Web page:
Drought threatens Afghan Gypsy lifestyle
Associated Press Writer
[Editor's Note: This article originally appeared in the Associated Press Saturday, Februrary 2, 2002.]
QALA BOST, Afghanistan (AP) - With the end of the fighting, humanitarian aid is finally reaching Afghanistan's Gypsies. But after years of drought that killed their camels and flocks, the shipments may threaten their ancient way of life.
The nomads, who have moved throughout recorded time between mountain peaks and desert steppes, are now filling up tent camps established for war refugees - one of the few places they can find the necessities for survival.
If they become rooted in the camps in expectation of aid, their nomadic lifestyle could end forever, aid workers say. Aid agencies don't want the Gypsies to settle down simply in hopes that someone will come by bringing them food, medicine and other supplies.
"The challenge is, how do you get these people moving again?" said Lizzie Christy, a distribution manager for the U.S.-based Mercy Corps, one the main aid groups helping the Gypsies.
Staying alive is their first concern. The Gypsies, known in Afghanistan as Kochi, are crowding into camps that international aid agencies have erected on the border with Pakistan near the crossing of Spinboldak, said Gul Mohammed, a project director for Mercy Corps.
The U.N. High Commissioner for Refugees estimates that 55,000 people at one Spinboldak camp are Kochi.
Others are encamped inside fraying embroidered tents on cliffs over the wide Helmand River, now shrunken by the drought that has devastated their lives.
They squat, hungry, beneath crumbled ramparts and towers of ancient Afghan kingdoms where they once passed with their flocks each winter.
"We had a good life, and day after day after day it gets worse," said Kabula, blue dots of traditional tribal tattoos on her face and a baby with kohl-rimmed eyes coughing in her arms.
"We have traveled many places, have gone many areas," Kabula said, recounting the yearly caravans that took her people by the cities of Ghazni, Herat, Uruzgan, and across the valleys of southern and central Afghanistan.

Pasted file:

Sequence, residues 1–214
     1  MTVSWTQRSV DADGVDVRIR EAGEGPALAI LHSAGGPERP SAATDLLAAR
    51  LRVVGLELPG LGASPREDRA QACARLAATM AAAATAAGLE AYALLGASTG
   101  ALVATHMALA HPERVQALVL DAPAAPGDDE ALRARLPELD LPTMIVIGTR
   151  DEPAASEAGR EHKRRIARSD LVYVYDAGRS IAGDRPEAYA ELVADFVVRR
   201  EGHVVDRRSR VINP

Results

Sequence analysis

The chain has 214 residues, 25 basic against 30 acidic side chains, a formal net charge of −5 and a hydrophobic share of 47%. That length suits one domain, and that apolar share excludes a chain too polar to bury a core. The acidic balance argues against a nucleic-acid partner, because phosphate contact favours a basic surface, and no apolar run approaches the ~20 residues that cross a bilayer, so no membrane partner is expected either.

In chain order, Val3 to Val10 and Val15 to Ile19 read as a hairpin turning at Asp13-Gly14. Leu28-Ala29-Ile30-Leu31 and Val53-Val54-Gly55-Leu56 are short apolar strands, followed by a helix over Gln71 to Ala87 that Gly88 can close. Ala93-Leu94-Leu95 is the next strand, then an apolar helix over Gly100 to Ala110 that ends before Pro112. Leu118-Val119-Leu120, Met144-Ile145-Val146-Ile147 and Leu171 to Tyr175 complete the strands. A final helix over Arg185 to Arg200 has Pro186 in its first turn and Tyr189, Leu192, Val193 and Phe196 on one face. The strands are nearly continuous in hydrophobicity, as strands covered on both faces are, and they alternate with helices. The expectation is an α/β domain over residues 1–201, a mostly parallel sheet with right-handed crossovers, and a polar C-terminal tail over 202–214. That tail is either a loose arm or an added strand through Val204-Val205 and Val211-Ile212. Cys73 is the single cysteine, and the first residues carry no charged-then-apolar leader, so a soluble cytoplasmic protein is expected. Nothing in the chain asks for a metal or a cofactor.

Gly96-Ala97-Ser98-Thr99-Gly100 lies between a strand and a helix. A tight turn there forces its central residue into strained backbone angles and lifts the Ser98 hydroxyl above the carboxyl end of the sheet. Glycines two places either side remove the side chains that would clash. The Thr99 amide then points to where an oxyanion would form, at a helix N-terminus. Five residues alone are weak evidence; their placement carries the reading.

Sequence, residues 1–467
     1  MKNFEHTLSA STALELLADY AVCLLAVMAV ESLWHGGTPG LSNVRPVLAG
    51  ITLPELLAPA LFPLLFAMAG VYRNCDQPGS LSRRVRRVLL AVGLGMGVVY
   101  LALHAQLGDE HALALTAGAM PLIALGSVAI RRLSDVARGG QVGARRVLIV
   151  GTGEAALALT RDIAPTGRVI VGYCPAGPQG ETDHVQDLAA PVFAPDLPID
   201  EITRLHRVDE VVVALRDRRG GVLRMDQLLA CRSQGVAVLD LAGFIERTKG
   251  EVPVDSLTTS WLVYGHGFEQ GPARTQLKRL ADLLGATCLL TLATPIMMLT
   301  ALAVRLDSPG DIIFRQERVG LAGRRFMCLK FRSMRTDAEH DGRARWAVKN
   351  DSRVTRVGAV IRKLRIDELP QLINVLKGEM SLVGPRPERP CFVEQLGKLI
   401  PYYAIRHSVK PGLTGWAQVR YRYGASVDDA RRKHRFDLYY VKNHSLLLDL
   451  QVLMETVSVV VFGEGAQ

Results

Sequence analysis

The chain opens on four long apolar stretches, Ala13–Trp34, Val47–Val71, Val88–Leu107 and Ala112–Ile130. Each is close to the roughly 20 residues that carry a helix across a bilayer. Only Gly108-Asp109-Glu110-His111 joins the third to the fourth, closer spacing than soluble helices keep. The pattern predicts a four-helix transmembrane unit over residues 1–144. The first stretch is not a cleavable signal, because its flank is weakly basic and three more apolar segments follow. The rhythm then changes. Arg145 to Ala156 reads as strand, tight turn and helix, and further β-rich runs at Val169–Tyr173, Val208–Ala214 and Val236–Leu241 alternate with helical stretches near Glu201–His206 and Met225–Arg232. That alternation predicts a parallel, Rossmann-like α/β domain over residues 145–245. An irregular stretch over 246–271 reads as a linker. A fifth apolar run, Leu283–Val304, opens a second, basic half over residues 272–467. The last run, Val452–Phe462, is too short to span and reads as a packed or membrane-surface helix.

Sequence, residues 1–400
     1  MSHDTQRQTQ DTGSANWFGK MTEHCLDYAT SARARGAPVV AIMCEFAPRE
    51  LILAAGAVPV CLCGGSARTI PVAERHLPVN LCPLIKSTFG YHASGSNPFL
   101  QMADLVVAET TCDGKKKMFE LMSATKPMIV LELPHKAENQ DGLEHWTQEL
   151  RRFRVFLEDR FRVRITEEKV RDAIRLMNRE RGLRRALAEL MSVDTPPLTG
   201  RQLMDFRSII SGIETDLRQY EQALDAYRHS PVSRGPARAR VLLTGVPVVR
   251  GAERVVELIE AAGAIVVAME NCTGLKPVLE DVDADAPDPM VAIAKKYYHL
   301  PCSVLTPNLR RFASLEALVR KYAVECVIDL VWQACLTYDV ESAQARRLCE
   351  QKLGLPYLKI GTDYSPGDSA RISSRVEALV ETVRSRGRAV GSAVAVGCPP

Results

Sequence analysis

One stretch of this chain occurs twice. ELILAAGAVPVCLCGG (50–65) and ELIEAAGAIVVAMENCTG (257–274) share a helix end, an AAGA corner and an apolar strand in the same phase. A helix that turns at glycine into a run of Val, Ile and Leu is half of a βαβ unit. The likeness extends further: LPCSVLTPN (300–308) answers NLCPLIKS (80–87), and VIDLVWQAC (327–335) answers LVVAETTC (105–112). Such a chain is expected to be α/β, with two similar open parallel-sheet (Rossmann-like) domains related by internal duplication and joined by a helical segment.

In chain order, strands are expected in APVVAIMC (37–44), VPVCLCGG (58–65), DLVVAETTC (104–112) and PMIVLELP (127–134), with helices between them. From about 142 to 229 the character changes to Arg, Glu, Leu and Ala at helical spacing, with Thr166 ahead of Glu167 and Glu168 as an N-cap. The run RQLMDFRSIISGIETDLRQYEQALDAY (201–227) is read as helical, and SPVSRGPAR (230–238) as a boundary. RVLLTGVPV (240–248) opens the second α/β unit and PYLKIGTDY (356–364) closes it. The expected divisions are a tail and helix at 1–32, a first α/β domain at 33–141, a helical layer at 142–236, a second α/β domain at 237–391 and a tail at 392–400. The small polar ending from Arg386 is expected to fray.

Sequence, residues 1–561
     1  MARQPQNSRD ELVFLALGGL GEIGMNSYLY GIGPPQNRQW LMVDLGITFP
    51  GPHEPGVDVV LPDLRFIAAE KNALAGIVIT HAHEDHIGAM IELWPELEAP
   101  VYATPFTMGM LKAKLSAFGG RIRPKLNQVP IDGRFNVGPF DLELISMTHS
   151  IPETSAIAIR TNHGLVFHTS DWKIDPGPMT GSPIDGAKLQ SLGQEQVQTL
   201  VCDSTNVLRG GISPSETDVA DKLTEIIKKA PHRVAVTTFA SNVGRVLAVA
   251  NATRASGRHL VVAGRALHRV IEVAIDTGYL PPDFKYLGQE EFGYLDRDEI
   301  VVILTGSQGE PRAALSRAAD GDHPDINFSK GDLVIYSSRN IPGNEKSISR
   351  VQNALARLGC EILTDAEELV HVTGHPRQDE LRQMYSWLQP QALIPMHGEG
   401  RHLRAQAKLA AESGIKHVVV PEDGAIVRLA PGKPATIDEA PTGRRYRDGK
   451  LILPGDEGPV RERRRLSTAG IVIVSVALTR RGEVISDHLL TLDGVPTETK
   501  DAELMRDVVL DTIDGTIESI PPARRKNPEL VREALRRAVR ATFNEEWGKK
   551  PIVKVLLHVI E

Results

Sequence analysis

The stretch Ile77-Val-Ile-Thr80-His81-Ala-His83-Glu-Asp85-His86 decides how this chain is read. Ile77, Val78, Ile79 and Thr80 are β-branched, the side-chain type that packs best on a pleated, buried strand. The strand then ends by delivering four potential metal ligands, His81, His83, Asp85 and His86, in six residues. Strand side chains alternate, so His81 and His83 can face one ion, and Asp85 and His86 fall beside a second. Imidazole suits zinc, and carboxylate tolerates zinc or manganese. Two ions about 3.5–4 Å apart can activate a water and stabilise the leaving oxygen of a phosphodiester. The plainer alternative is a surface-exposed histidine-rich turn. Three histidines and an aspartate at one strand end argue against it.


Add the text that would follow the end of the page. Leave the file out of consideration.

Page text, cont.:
"Now we have no camels, no sheep," Kabula said. "We have finished here."
Like other Afghans, the Kochi's problems haven't ended with the collapse of Taliban rule and the U.S.-led military campaign that accomplished it. Four years of scant rain and a lack of opportunity in a near Iron Age economy are blocking the return of 2 million refugees, aid agencies say. Hundreds of thousands more Afghans are displaced within the country.
But the Kochi nomads present their own problem - one troubling aid agencies that will be the spigots for the billions of dollars in aid that international donors have pledged to pour into Afghanistan.
Used to dealing with refugees or so-called internally displaced people - relief agency jargon for those made homeless within their own countries by crises - aid workers have dubbed the Kochi "internally stuck people."
Mercy Corps this week carried out one of the first aid deliveries, before or after the U.S. bombing, to the Kochi - largely missed in previous relief campaigns. Workers distributed U.N. refugee agency kits with pots, plastic tarps, and other goods. Distribution of wheat will come soon, Christy said.
For the Kochi, the crisis is not being uprooted - it's being rooted.
Their way of life is to be on the move - herding sheep and camels from summer pastures in highlands to winter homes in the warmer plains. Skirting the fringe of Afghan society and its mores, Kochi caravans - their women a flash of color with gleaming silver ornaments and swaying braids - pass by villages of shrouded women in black and veils.
But the drought has killed the majority of their livestock, stranding them. Animals that didn't starve were sold or eaten by Kochi desperate enough for a meal to sacrifice their livelihood.
At Qala Bost, on the dry banks of the Helmand, former nomads have staked their appliqued and embroidered tents under the ruins of a high fortress, palaces and villas built by the kings who ruled Afghanistan 1,200 years ago.
To live, they sell fuel of wood and dung in town in exchange for corn or wheat from town people.
Aid agencies categorize the Hochi as "vulnerable." None appear to be starving. Zarda, Kabula's neighbor, lifts her shawl from her head of braids, dangling beaded ornaments and charms to show the larder stashed inside for her children's next meal: scraps of dry bread.
"We don't remember meat," she said. "We don't remember milk."
A girl with matted hair, wide-eyed, wore a necklace with some of her family's little cash wealth - a necklace of Iranian silver coins bearing the profile of the late Shah.
Already, some of the Kochi are trading tents for walls. Khan Zada made the move from nomad to villager two years ago, after drought killed all but four of his 50 sheep and both camels. He plasters mud walls for a living.
Rags of his appliqued tent form a tarp that keeps his kitchen dry.
"If I could, I would go back to my life, before," Khan Zada said.